Conservatorship is like guardianship for incapacitated adults with a few key differences. Unlike guardianship, conservatorship requires a higher duty of care, especially when a large estate is involved. Conservatorships are also subject to strict oversight by the court. To get away from court scrutiny, you can adopt alternatives through:

  • Good estate planning
  • Appointing a trustee to manage finances
  • Giving a friend or relative durable power of attorney
  • Delegating specific agents in a living will

With trusts, the grantors of the trust must have been competent when forming the trust and set forth how and when a trustee will take over in the contract. Power of attorney also gives someone else authority to make important personal, medical, and legal decisions.

Court-appointed guardianship is likewise more restrictive for the guardian, but in some cases, necessary to protect the child. Taking responsibility for the health, well-being, and maintenance of a minor is a legal duty. If the child becomes a delinquent and enters the juvenile criminal system, entities other than the birth and adoptive parents may become involved, including:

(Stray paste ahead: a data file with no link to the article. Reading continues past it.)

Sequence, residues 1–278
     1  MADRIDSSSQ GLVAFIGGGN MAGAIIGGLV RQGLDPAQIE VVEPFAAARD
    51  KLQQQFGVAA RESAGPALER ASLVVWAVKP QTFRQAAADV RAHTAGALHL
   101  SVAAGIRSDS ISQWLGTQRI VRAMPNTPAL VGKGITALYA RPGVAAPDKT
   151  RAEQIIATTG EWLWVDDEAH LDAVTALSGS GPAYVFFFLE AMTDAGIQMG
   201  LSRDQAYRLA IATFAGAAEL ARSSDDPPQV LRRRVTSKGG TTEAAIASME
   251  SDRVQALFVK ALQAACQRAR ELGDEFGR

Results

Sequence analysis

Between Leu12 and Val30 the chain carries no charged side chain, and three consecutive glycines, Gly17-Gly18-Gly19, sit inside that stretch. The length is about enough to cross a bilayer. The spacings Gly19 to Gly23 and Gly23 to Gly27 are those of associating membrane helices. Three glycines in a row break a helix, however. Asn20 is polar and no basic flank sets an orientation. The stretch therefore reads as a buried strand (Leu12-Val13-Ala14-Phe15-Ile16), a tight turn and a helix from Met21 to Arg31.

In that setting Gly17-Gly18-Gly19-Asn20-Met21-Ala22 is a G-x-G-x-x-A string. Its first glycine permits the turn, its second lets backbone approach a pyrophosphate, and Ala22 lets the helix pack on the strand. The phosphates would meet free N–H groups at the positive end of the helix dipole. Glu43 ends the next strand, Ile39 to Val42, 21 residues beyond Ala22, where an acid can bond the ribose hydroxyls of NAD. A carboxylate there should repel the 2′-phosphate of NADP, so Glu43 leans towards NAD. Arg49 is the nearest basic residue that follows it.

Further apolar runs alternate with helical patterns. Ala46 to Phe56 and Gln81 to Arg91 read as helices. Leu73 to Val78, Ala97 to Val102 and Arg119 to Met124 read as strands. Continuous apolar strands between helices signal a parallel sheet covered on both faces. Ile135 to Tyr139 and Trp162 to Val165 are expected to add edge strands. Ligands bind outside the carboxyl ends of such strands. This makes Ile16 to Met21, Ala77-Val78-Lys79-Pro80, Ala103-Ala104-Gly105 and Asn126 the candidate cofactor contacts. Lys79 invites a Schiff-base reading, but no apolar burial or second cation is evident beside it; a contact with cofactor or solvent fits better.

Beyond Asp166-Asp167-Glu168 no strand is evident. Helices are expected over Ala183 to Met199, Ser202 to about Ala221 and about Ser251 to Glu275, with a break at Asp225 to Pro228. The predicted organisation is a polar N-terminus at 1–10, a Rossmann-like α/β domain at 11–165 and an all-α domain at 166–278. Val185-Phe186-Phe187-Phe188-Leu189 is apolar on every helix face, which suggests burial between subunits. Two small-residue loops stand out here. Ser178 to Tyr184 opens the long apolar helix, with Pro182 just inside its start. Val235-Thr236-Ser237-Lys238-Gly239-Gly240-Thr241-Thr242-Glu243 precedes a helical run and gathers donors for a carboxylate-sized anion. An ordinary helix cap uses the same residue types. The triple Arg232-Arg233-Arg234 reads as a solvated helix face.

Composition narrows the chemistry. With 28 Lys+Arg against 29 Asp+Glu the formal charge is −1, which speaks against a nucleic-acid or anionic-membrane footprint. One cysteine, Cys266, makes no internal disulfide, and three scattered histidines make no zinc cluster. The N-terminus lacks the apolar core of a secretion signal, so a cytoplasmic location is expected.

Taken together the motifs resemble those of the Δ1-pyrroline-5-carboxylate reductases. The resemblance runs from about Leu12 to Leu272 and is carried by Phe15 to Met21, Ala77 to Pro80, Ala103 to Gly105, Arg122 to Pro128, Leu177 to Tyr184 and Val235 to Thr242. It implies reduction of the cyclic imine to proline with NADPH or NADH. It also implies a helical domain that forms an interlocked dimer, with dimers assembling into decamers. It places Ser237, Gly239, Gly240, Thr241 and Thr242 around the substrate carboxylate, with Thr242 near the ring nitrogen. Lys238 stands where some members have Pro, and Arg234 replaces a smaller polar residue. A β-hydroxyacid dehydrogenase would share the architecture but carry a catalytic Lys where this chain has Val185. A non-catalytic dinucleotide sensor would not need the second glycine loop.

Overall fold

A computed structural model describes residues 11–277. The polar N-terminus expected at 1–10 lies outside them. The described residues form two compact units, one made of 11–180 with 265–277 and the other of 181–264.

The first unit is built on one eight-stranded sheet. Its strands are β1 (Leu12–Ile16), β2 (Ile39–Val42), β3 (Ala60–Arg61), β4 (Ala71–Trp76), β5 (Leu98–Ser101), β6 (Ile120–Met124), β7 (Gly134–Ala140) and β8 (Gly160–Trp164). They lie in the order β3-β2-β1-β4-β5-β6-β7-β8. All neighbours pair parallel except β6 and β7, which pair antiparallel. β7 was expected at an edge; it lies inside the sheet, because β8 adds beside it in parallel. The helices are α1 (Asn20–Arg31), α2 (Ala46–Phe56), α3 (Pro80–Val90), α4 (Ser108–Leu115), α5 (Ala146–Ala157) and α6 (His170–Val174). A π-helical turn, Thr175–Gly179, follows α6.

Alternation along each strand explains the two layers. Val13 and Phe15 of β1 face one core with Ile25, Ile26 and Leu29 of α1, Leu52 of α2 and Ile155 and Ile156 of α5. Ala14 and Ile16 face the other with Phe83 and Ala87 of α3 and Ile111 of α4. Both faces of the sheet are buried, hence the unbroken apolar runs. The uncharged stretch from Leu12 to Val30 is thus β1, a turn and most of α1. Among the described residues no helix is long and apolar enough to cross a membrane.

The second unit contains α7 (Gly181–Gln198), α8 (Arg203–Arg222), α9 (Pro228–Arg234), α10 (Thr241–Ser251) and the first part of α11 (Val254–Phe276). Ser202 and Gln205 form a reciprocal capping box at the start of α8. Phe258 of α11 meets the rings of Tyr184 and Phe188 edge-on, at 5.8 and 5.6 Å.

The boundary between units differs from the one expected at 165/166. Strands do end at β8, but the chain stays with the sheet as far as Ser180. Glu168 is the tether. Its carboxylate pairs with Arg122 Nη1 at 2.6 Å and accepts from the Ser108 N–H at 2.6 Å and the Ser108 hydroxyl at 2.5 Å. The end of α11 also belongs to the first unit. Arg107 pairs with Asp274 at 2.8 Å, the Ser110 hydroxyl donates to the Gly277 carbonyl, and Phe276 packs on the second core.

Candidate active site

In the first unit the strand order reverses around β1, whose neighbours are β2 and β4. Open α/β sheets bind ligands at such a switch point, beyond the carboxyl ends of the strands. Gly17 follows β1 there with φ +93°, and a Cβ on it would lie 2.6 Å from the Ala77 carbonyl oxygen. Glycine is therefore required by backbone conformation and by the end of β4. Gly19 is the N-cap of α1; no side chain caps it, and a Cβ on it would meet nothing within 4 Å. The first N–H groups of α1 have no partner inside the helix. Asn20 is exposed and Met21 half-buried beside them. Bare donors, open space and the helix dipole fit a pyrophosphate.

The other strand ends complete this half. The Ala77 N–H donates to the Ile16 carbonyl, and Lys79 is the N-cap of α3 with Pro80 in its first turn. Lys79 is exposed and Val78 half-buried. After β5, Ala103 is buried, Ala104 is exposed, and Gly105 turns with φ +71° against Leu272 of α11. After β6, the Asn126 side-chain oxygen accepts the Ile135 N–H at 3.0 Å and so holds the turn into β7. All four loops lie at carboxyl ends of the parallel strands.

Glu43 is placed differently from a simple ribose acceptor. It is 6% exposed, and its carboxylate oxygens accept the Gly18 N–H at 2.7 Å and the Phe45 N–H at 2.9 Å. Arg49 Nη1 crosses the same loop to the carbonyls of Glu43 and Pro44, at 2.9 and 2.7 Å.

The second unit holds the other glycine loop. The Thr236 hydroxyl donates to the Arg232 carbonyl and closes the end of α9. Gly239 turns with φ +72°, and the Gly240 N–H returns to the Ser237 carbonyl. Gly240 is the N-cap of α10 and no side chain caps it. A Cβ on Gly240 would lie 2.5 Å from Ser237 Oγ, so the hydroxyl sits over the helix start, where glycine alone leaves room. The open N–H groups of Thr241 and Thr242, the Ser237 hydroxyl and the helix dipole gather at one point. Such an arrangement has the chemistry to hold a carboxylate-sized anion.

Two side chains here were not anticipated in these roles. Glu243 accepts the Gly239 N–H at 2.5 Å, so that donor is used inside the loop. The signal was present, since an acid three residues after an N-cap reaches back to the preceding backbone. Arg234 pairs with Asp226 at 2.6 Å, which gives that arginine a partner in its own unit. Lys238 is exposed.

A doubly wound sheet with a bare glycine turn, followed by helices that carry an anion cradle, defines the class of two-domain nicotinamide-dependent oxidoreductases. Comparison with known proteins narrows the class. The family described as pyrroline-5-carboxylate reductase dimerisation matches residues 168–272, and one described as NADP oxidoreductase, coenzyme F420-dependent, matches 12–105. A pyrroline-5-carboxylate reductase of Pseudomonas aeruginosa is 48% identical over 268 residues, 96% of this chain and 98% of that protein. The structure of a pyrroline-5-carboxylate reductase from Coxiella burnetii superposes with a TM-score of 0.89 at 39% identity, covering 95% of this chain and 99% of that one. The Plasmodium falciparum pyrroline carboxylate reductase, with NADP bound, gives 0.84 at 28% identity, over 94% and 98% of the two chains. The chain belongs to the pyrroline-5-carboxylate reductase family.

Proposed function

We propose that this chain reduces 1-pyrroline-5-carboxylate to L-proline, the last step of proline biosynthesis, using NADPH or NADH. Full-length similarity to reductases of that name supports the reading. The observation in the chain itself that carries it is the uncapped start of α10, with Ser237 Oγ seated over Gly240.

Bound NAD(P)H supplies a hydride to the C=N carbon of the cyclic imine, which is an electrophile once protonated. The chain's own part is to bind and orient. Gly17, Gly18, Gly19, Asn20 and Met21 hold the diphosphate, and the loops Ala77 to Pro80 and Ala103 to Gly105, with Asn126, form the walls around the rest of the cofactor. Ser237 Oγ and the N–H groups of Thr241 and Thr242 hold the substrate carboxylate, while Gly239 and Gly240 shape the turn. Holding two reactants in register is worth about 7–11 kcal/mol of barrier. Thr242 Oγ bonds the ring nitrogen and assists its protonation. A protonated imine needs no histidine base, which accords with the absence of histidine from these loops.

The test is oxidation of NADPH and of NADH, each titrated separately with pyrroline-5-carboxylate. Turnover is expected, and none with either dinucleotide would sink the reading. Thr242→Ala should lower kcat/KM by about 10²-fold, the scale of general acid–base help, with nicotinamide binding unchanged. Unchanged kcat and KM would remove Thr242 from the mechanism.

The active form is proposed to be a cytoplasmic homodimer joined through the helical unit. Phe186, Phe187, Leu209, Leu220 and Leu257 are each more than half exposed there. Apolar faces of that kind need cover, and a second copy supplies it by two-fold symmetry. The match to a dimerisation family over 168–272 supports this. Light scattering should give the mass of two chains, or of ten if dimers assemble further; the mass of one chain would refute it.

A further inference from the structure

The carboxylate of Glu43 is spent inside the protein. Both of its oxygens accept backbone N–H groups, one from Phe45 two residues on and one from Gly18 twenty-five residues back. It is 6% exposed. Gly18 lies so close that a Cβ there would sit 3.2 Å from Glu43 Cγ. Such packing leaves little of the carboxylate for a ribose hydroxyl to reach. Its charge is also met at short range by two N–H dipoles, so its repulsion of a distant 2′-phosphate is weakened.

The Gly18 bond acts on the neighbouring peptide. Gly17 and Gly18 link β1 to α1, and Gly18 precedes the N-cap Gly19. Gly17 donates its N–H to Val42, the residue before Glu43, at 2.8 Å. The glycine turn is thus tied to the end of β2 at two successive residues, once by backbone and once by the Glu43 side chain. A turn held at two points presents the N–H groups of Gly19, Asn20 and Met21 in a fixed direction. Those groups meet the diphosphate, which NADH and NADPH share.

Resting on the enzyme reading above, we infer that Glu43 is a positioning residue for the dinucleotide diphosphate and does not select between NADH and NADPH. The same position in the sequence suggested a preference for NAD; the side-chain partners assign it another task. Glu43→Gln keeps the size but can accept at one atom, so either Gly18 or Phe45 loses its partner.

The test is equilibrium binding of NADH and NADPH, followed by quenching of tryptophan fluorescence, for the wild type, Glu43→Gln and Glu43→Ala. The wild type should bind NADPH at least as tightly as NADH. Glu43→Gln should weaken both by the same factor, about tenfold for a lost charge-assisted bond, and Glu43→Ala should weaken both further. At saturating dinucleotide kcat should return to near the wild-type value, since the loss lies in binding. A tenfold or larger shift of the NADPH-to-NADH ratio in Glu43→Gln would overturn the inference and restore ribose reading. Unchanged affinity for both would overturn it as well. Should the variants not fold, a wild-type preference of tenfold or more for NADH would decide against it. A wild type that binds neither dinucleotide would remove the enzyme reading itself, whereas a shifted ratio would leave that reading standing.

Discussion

• Department of Child Protective Services
  • Regional services council
  • Child welfare service providers
  • Foster family, group homes
  • Licensed childcare providers
  • Substance abuse treatment centers

Children should only come under the guardianship of such agencies where no parents or relatives are available or in cases of extreme abuse or neglect. To get licensed, providers must not have been convicted of certain crimes and consent to periodic checkups to ensure that the agency is meeting minimum requirements to safeguard the child’s welfare.

Temporary Guardianship for Children